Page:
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- An Architectural and Spiritual Awakening in the Heart of Albuquerque
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Read about a Santa Fe tradition in which a man is ritualistically burned at the beginning of each fall season.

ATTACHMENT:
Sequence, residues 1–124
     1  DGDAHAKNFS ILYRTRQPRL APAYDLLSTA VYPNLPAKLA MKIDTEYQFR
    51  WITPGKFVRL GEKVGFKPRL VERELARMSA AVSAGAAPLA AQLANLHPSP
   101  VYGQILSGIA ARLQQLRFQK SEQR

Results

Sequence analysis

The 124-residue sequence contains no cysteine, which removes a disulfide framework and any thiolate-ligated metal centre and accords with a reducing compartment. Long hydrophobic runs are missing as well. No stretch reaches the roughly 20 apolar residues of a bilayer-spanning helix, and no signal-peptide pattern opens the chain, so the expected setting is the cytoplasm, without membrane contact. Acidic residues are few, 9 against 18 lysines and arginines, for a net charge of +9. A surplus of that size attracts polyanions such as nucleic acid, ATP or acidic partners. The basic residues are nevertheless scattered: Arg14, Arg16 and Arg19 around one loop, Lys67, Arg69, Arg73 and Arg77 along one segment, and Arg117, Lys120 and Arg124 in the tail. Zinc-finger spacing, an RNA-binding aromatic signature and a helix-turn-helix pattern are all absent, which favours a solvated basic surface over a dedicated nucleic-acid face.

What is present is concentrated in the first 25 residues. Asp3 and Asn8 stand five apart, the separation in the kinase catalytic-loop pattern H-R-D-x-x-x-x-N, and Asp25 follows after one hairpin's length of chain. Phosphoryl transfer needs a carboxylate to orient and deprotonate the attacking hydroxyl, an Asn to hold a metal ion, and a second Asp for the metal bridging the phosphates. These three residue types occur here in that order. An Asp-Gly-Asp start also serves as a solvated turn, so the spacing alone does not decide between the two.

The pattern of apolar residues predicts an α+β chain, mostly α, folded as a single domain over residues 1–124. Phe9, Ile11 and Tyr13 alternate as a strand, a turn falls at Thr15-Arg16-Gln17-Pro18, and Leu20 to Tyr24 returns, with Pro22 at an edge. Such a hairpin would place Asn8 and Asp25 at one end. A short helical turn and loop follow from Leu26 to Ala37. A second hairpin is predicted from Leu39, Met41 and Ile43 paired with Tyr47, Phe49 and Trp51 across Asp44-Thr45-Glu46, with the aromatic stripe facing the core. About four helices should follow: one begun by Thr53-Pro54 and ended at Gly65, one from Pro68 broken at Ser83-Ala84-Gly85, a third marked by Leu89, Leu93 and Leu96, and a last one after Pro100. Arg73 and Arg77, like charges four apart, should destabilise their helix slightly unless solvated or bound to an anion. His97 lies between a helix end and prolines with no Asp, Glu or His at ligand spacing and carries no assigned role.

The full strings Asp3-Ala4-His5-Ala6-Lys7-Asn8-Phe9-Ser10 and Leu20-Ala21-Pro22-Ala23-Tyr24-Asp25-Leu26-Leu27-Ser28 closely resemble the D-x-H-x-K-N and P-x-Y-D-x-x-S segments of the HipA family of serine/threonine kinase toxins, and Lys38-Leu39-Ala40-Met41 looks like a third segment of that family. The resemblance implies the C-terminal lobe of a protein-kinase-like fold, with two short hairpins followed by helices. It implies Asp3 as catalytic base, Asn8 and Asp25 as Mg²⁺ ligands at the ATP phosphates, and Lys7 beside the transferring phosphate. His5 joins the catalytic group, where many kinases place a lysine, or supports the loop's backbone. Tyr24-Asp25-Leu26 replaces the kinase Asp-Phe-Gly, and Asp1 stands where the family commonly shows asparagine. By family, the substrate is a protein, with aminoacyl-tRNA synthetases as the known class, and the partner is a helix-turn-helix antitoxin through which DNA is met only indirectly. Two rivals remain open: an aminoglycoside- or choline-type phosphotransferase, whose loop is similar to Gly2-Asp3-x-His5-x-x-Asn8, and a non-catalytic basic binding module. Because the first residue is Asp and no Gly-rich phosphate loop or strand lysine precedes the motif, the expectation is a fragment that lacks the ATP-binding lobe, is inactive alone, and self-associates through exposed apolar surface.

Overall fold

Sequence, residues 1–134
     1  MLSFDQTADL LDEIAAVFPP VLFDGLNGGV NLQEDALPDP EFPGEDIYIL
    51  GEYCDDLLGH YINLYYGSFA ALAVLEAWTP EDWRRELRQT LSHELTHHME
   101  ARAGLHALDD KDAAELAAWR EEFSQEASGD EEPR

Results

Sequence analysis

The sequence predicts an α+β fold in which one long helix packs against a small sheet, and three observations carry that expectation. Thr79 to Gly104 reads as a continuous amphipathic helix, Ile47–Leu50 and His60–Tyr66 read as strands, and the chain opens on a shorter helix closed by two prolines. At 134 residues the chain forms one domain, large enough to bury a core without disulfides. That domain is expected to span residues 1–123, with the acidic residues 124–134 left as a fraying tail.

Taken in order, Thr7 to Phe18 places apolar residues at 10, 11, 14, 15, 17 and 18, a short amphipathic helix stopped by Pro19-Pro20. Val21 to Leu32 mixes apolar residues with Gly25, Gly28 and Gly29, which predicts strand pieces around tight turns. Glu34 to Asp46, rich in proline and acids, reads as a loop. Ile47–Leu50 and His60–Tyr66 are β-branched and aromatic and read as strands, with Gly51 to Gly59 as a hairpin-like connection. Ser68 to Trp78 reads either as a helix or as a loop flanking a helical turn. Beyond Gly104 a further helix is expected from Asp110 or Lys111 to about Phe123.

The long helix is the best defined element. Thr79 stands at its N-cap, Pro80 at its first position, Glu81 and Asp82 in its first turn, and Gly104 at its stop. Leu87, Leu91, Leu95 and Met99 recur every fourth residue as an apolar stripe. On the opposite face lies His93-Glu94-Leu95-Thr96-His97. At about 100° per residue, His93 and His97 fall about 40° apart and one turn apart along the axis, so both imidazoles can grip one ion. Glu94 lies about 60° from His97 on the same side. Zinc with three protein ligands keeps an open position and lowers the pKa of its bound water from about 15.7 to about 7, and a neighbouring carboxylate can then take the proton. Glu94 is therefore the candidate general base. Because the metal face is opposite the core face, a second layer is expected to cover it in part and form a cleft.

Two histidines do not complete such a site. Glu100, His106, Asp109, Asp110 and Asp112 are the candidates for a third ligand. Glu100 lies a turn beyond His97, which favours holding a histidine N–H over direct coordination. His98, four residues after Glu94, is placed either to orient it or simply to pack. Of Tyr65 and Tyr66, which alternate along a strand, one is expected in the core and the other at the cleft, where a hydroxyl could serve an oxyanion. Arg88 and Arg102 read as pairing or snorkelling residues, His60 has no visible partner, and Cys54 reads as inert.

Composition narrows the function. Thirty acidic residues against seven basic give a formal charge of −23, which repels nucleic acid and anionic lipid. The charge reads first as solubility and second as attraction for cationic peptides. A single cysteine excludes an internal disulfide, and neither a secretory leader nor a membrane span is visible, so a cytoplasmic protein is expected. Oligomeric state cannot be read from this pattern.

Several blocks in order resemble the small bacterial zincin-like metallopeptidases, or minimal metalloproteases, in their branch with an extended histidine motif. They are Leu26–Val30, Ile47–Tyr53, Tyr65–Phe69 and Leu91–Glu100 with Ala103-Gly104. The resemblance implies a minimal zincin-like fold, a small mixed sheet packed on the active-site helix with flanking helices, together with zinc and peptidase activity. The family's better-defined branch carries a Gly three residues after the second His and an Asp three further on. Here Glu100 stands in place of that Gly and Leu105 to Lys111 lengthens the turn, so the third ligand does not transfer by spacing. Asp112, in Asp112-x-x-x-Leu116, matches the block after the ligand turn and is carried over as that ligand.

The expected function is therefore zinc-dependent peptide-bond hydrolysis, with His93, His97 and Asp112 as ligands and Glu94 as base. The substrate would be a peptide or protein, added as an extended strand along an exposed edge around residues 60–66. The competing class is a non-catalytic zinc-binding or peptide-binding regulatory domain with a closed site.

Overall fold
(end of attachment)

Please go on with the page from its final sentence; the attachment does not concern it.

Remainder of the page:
As I turn the page, a painting jumps off the page. Wow! In 1917, just before she moved in with Stieglitz, Georgia finished the Nude Series VIII. It is the small 45.7 by 34.3 centimeter watercolor I am currently looking at and is seen in Figure 1 for you to enjoy as well. The small size and use of watercolor illustrates how, at the time, Georgia was a budding artist in the big city. She did not yet have the money to create larger works. The contrasting colors make it really stand out against the beige paper in the background. There are no objects in the background and no frame, just the figure. It is a silhouette of a woman sitting in a natural position that gives the illusion of space. The figure is fairly abstract and representational. Could she be an abstract representation of a staged model? I think not. Her right hand is reaching downward, as if touching the surface she is sitting on. Her left hand is gently rubbing her head. She could be a woman undressing at home on her bed, getting ready to take a shower. She looks comfortable. Although only the outline of this beautiful woman is clearly visible, it is quite evident she is naked. The blue watercolor darkens around her breasts, as if to give them more depth through shadows. And, her nipples are highlighted in red. In addition, the woman’s face and a small portion of her lower body are also highlighted in red. The highlights appear to emphasize her femininity. Her facial features are not clearly visible but the dark blue atop her head appears to represent hair. Also, her breasts are quite out of proportion to her body. Her breasts are different sizes and one nipple is higher than the other. Furthermore, the woman’s hips are quite wide. I believe the accentuation of her femininity also stresses the fact that women are not perfect. Women are full of flaws and should not have to conform to other people’s ideals of the perfect slender woman with large breasts and a beautiful face. I wonder. Were these issues important during the time Georgia created this beautiful woman? I am not at all sure but I can see how this nontraditional image, in the sense that at the time of its inception women did not often draw the female nude, is important in the evolution of women in art.